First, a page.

Game Development Reference
In-Depth Information
point, the ^]_gcnkqj` will stop moving, but the lh]uan won't be able to travel all the way to
stage's right side. This seems to be an artificial constraint that would be a frustrating limitation
for the lh]uan in many action or adventure games. Figure 6-15 illustrates this problem.
When the background stops
scrolling, the player object
is unable to move all the
way to the edge of the stage.
Figure 6-15. When the background has reached the limit of its scrollable
area, the player can't travel all the way to the stage's edge.
The other potential problem is that the scrolling background always scrolls. For many games,
it might make more sense if the ^]_gcnkqj` scrolls only when the lh]uan object is approach-
ing the edge of the stage. Otherwise, the lh]uan object should explore freely without the
^]_gcnkqj` moving.
Here's how to solve these problems. You can set up a system that figures out whether the lh]uan
object should move or the ^]_gcnkqj` object should move, depending on where each is. If the ^]_g)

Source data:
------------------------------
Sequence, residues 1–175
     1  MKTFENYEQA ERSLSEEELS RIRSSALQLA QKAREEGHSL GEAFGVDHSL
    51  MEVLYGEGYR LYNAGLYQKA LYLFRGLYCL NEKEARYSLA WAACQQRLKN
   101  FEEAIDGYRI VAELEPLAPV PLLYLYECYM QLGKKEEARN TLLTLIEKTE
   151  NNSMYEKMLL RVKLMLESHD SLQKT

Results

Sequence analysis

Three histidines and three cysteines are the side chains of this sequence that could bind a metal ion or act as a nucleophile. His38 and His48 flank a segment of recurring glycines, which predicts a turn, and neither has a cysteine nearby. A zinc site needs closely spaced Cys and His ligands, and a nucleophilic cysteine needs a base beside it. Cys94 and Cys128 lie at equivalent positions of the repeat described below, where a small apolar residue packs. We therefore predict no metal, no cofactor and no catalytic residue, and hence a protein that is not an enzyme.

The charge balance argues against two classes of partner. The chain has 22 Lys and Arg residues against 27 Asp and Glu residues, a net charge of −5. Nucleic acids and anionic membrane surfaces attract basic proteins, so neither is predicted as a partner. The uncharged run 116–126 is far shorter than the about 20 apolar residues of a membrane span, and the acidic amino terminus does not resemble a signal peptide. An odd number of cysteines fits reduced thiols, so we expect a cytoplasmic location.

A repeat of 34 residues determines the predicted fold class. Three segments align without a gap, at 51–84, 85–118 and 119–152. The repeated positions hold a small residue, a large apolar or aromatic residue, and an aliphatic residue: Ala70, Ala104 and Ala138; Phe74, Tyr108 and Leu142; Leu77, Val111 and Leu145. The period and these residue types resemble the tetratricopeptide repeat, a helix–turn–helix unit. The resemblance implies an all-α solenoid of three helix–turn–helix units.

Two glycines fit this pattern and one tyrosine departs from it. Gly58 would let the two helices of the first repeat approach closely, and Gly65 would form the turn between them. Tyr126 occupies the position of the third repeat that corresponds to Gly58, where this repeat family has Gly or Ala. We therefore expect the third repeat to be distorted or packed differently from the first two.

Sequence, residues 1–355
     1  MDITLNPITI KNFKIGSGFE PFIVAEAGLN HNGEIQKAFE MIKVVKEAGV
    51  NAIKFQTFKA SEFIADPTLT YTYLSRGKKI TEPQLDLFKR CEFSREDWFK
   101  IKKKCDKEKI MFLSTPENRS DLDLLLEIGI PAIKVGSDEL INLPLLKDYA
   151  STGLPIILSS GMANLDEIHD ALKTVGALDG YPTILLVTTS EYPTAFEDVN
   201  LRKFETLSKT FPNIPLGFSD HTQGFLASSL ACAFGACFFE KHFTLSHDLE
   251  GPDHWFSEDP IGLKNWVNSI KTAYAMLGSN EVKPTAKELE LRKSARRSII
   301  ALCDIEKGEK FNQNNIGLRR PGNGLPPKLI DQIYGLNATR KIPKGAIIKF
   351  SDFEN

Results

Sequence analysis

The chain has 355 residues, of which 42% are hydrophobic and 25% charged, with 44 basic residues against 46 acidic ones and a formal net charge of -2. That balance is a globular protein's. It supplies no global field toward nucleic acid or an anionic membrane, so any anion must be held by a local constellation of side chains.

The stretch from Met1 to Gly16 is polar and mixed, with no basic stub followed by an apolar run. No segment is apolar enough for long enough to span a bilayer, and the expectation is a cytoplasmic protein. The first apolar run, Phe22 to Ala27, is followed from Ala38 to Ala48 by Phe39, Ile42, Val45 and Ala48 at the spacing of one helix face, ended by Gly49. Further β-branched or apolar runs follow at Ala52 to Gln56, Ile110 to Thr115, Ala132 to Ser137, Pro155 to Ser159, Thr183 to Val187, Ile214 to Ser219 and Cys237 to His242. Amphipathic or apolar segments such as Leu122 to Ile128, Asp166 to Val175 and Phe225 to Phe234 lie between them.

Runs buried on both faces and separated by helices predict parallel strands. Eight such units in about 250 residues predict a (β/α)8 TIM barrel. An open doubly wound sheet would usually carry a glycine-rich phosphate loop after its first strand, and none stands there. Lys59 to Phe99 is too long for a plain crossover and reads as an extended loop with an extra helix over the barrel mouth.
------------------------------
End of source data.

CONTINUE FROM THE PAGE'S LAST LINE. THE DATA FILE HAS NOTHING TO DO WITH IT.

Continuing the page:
cnkqj` object has reached the limit of its movement, the lh]uan object should be free to travel to the
edge of the stage. Also, if the lh]uan is not near any of the stage's edges, it should be free to move
around without the ^]_gcnkqj` object moving.
The trick of making this work is to set up an imaginary inner boundary , which is a rectangular area
inside the real stage that's exactly half the stage's height and width. The lh]uan object will be free to
move around within the inner boundaries, and when it reaches the edge, it will stop moving, and the
^]_gcnkqj` will start to scroll. When the ^]_gcnkqj` reaches its scroll limit, the inner boundary that's
been blocking the lh]uan from going farther will extend to the limits of the real stage to allow the
lh]uan to move right to the edge.
The inner boundary that you'll create isn't a real object in the way that lh]uan and ^]_gcnkqj` are
objects. Instead, it's just four numbers that define the top, bottom, left, and right of these boundaries.
In fact, the logic behind finding these numbers is exactly the same as the logic you used to set the real
stage boundaries; you just cut them down to half the size.
You'll build this code in two stages so that you can see how it's working. (For the complete final work-
ing version of this code, see the I]ej[O_nkhhejc[Psk*]o file in this chapter's source files.)